Behavioral health billing stands out as a complex jigsaw puzzle, with intricate coding and documentation requirements due to the wide range of diagnoses, treatments, and individualized care plans that patients may require. For example, a patient suffering from depression might require a different approach than a patient dealing with an eating disorder. Revenue Cycle Management (RCM) providers must have a deep understanding of the various scenarios and applicable codes in order to accurately bill for the physician’s services. This level of detail is not always required in other medical specialties, which may have more standardized and straightforward billing requirements.
In the world of medical billing, providers often have to navigate the labyrinth of a diverse mix of payers, including commercial insurance, Medicaid, and Medicare. Each payer has its own unique rules, regulations, and billing requirements, making it challenging for providers to manage their own practices and keep up with the constantly evolving standards. For instance, one insurance company may cover group therapy sessions while another only covers individual sessions. This adds an additional layer of complexity compared to other specialties where payer requirements tend to be more uniform.
Determining a patient's insurance eligibility and benefits is another crucial part of behavioral health billing. Eligibility requires providers to verify the patient's insurance coverage, copayments, deductibles, and prior authorization requirements. For example, a patient may be eligible for 10 therapy sessions under their insurance plan, but any additional sessions require prior authorization. Missteps in this process, such as billing for session time beyond what an insurance covers without prior authorization can lead to claim denials, which can be difficult to correct.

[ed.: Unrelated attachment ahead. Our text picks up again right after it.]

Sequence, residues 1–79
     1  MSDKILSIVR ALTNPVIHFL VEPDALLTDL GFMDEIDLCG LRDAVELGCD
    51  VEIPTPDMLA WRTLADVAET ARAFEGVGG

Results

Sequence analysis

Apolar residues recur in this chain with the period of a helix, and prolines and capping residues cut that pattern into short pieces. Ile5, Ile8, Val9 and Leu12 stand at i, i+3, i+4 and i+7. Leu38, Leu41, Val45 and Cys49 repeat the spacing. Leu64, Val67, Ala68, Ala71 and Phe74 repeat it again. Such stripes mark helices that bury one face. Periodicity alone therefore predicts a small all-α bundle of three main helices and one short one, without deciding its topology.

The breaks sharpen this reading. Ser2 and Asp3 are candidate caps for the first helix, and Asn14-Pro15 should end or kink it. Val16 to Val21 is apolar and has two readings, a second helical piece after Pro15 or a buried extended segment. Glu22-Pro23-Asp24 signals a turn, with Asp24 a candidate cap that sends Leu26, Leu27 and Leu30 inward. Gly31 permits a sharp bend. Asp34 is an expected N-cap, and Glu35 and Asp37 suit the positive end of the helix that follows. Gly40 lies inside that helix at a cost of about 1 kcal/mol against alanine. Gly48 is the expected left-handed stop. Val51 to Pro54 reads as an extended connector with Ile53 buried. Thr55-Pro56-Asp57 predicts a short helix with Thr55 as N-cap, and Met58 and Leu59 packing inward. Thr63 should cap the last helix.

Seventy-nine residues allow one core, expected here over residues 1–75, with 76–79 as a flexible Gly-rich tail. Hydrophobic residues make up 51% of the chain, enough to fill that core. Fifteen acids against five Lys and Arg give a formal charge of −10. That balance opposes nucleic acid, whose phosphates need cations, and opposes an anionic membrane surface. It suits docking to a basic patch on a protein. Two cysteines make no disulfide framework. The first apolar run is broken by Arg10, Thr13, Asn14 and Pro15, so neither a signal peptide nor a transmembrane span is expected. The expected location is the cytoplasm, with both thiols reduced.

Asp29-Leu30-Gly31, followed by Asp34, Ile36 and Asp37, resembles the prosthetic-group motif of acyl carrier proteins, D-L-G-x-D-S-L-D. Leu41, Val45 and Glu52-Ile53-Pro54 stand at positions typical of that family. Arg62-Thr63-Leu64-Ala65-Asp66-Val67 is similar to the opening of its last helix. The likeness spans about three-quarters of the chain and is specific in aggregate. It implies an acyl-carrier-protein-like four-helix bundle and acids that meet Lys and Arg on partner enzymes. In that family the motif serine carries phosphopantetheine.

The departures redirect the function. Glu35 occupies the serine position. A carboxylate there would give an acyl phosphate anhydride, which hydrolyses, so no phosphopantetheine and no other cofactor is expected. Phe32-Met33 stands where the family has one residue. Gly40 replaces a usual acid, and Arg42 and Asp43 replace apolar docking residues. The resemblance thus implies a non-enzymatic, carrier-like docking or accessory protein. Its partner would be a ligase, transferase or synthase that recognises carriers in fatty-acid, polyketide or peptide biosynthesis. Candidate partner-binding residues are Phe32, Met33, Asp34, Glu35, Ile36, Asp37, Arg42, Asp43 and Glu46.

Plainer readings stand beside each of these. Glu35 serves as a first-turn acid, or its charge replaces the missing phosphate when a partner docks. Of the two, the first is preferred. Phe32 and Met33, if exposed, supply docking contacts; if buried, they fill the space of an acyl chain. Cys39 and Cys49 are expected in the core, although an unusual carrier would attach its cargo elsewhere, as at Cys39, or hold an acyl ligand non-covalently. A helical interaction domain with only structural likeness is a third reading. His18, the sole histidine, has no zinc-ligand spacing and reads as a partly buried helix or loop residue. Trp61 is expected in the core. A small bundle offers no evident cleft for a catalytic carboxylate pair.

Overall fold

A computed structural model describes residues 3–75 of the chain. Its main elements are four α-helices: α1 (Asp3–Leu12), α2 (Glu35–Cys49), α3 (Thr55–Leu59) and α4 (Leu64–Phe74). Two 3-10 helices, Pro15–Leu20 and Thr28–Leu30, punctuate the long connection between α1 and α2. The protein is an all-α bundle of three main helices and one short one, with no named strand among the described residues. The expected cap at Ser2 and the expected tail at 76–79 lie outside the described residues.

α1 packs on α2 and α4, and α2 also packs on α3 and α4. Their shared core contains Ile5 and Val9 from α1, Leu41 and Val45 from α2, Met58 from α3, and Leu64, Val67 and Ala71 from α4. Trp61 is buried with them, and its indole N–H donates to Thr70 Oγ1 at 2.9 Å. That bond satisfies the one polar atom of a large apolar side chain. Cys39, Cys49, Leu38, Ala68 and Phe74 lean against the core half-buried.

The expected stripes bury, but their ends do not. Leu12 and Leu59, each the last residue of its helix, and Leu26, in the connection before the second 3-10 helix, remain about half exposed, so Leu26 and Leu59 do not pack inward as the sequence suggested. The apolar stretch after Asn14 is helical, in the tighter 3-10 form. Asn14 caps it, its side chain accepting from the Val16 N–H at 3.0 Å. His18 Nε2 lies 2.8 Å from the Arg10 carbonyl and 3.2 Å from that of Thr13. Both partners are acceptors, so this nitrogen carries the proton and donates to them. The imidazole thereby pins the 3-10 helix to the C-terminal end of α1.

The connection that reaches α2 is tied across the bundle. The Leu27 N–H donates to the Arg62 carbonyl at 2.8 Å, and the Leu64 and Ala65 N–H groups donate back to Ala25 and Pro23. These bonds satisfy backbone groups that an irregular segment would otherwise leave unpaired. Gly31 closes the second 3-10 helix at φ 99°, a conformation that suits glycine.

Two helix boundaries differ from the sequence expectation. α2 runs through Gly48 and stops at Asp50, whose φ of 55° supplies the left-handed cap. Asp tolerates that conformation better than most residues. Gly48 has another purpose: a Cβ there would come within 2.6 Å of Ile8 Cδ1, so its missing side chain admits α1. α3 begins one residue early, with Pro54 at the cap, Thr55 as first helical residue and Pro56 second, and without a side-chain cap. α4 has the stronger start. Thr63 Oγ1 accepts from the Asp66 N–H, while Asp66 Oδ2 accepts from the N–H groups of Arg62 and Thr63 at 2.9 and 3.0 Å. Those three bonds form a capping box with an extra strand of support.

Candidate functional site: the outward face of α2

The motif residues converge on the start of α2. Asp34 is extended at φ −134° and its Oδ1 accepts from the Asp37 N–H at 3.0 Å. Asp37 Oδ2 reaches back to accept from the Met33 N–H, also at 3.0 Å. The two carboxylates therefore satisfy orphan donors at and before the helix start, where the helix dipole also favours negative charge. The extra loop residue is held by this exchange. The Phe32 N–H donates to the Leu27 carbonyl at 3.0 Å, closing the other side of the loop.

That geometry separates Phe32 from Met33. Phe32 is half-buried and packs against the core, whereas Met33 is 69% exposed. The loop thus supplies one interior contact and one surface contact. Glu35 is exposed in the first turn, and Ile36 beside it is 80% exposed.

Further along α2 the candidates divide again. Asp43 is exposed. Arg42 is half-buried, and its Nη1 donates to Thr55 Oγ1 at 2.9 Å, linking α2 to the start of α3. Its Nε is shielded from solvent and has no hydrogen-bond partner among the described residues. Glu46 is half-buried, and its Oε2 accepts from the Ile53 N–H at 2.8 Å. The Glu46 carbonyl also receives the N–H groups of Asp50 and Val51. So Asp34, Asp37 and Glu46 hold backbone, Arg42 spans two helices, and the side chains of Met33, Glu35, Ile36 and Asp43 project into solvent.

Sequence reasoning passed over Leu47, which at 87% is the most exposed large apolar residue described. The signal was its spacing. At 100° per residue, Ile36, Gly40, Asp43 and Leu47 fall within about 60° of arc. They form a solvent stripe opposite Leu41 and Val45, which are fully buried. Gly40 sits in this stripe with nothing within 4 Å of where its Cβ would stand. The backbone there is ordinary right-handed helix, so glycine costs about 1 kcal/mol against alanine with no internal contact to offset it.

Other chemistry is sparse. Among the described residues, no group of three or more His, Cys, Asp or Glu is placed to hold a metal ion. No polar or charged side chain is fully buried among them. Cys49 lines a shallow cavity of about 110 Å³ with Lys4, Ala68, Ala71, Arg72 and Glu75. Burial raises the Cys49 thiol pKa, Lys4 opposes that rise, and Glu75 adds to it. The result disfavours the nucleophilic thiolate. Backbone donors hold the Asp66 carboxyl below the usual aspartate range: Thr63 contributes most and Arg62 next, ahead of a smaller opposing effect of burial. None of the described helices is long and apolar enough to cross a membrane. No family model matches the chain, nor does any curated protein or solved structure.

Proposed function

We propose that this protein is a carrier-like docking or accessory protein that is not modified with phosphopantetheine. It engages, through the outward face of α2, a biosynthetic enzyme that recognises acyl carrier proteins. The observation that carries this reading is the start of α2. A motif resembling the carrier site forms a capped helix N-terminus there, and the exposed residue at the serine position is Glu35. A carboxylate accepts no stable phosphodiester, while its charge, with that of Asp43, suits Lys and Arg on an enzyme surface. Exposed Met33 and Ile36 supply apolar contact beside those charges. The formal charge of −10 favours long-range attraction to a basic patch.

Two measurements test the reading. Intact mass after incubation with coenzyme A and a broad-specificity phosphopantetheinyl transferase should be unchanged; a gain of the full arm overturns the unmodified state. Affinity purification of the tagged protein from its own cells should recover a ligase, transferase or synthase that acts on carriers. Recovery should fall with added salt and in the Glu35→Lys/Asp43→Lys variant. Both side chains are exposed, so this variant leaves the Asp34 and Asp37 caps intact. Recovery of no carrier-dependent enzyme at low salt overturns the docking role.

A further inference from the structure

Behavioral health claims are more likely to be denied or rejected than other medical claims due to the complexity of coding and payer requirements. For example, a claim can be denied because a specific therapy session is considered experimental or not medically necessary by the payer. As we saw in last week’s post, a majority of denied claims are due to insurance eligibility according to Change Healthcare’s 2022 Revenue Cycle Denials Index. The additional labor required to resolve claim denials and rejections often results in delayed payments or lost revenue, which puts a strain on the financial health of the practice.
Behavioral health billing presents unique challenges compared to other medical specialties, due to the intricate puzzle of coding, documentation, payer requirements, and eligibility verification. By partnering with an RCM vendor experienced in behavioral health billing, providers are better equipped to navigate the complexities of the industry and optimize their practice's financial performance.
Here at pMD®, our mission is to streamline and optimize as many areas of the patient care episode and the revenue cycle as possible. Through our advanced, end-to-end practice management and revenue cycle solutions, we’re able to help practices consolidate vendors, reduce costs, streamline workflows, improve patient care and satisfaction, and collect your maximum reimbursement quicker.
Not sure what a vendor could do to improve your behavioral health billing? Contact pMD® for a no-commitment financial impact analysis by our team of healthcare RCM experts free of charge!
To find out more about pMD's suite of products, which includes our charge capture and MIPS registry, billing services, telehealth, secure messaging, and care navigation software and services, please contact pMD.